23 August 2008

In recent months, there have been numerous documentaries and magazine articles reporting on the stories of people who’ve resorted to surgical procedures to help them lose weight. Although many people will be familiar with the terms gastric bypass surgery and weight loss surgery, the terms bariatric weight loss surgery and bariatric surgery may be less familiar.

The term bariatrics was coined in the mid 1960s from the Greek root baro (meaning weight) and the suffix -iatrics (a branch of medicine) and bariatrics deals principally with the causes, prevention and treatment of obesity.

The number of people who are having surgery is rising rapidly. Figures from the British Obesity Surgery Patient Association reveal that UK surgeons performed more than 4,300 surgical operations for weight loss in 2005 – almost double the number of 2004.

From this it follows that the surgical treatment of obesity (or perhaps more correctly morbid obesity) is now often referred to as bariatric surgery which is performed by a bariatric surgeon.
Operations for obesity are not a miracle cure to help people shift a few unwanted pounds and should not be considered to be similar to cosmetic surgery. They are a last resort for people who have severe health problems due to their excessive weight. All surgery comes with risks and these risks are even greater for people who are obese, so any procedure should be given plenty of thought and not be undertaken lightly.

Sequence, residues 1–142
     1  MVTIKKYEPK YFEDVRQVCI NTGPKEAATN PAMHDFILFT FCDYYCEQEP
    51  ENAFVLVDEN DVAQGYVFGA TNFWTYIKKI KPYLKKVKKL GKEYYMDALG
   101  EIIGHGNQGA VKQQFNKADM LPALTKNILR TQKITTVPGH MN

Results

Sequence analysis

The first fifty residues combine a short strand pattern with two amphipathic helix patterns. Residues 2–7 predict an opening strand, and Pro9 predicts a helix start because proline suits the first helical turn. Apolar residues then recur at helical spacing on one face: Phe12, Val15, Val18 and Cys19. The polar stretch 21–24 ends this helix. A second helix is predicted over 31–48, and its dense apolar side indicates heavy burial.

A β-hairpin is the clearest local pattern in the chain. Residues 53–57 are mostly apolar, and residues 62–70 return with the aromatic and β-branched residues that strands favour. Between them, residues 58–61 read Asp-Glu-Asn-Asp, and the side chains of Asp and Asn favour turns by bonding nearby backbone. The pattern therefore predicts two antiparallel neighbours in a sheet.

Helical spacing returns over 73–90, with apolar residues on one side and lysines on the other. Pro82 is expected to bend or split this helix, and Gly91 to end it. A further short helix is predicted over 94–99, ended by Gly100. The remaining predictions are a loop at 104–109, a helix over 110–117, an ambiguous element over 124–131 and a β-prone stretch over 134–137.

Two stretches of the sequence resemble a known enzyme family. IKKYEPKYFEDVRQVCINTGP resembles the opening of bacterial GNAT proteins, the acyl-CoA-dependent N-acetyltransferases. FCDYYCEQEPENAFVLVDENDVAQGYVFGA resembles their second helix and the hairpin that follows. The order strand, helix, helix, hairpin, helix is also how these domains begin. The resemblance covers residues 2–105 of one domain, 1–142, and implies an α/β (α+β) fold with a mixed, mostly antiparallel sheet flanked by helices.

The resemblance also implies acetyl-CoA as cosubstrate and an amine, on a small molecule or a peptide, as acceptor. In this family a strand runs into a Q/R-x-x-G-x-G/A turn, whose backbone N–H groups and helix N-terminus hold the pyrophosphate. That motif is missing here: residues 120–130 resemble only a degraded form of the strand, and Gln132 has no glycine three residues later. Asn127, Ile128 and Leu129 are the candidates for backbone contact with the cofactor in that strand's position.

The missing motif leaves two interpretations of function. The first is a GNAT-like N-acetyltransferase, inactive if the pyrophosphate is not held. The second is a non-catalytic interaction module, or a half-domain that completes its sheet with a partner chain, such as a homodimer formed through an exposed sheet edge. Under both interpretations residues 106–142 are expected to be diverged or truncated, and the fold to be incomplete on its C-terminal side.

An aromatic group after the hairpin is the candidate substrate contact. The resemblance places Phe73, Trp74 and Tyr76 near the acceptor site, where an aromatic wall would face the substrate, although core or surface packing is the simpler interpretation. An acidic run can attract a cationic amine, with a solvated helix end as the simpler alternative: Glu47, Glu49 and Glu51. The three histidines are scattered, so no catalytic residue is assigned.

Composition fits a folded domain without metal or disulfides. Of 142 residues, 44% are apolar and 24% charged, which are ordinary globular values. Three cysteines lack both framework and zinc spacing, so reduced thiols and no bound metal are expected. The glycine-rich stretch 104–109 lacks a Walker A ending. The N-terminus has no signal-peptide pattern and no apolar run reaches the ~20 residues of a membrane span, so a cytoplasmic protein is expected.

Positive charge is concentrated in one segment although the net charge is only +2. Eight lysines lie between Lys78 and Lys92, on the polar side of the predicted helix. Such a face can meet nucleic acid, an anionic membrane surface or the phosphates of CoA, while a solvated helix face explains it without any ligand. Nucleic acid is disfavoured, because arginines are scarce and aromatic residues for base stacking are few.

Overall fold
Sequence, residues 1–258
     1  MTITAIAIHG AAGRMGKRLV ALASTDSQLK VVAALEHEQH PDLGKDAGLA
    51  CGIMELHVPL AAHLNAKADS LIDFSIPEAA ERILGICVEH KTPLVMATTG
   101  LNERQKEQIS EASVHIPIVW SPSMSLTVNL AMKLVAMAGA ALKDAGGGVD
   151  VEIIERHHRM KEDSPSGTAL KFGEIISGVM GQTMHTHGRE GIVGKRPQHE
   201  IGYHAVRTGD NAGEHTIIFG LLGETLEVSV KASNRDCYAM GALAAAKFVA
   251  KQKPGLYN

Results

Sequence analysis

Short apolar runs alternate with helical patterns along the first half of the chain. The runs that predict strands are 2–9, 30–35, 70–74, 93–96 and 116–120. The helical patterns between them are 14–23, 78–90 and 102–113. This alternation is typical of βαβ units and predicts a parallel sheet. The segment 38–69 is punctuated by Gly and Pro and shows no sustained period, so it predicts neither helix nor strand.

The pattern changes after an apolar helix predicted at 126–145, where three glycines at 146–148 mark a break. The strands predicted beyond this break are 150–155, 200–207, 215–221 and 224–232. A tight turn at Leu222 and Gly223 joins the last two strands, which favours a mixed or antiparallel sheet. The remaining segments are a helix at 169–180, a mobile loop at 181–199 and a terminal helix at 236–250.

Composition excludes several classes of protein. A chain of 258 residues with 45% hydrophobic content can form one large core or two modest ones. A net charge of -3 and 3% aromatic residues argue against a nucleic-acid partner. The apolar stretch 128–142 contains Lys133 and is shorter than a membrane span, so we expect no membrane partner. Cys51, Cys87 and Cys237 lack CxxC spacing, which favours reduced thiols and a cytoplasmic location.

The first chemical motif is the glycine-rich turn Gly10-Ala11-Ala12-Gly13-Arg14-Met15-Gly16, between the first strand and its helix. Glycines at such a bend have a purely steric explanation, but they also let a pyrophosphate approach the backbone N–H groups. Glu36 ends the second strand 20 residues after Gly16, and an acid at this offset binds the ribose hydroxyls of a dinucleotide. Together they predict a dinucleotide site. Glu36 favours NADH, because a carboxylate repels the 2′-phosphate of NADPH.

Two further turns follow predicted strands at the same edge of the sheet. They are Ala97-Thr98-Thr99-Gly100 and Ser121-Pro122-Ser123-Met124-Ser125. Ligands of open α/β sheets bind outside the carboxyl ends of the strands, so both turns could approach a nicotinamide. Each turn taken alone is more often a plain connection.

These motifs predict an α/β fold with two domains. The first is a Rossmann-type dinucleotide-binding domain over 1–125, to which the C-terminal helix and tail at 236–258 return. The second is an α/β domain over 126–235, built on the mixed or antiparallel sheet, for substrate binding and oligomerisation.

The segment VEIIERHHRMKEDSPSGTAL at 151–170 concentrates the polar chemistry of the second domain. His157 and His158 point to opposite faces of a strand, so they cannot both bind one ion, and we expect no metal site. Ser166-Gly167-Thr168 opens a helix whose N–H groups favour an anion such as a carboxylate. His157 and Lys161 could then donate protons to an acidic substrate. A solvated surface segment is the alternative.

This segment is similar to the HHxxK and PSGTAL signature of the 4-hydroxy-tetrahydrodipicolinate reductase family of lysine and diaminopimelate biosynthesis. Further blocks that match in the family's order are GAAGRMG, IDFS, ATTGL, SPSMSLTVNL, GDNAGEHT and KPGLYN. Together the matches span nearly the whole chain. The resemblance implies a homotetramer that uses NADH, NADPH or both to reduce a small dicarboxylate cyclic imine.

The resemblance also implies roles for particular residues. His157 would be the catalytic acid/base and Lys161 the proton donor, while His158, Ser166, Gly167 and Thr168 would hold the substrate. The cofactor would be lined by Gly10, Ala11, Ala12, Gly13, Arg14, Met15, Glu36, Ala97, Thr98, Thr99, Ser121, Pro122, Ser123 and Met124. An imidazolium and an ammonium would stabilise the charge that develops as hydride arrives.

Before undergoing surgery you should be properly prepared and understand both the risks and the benefits, both in the short and long term.

The type of operation you have will help to determine how much weight you will lose. But ultimately, a big part of the success of any of the treatments will depend upon your willingness to change your eating and lifestyle habits. Don’t ever think if having a weight loss operation means you don’t have to diet or exercise again.

Surgery means they will be on a life-long restricted eating plan that allows only small amounts of food. Large meals, loads of snacks and lots of fatty and sugary foods will continue to be off the menu.

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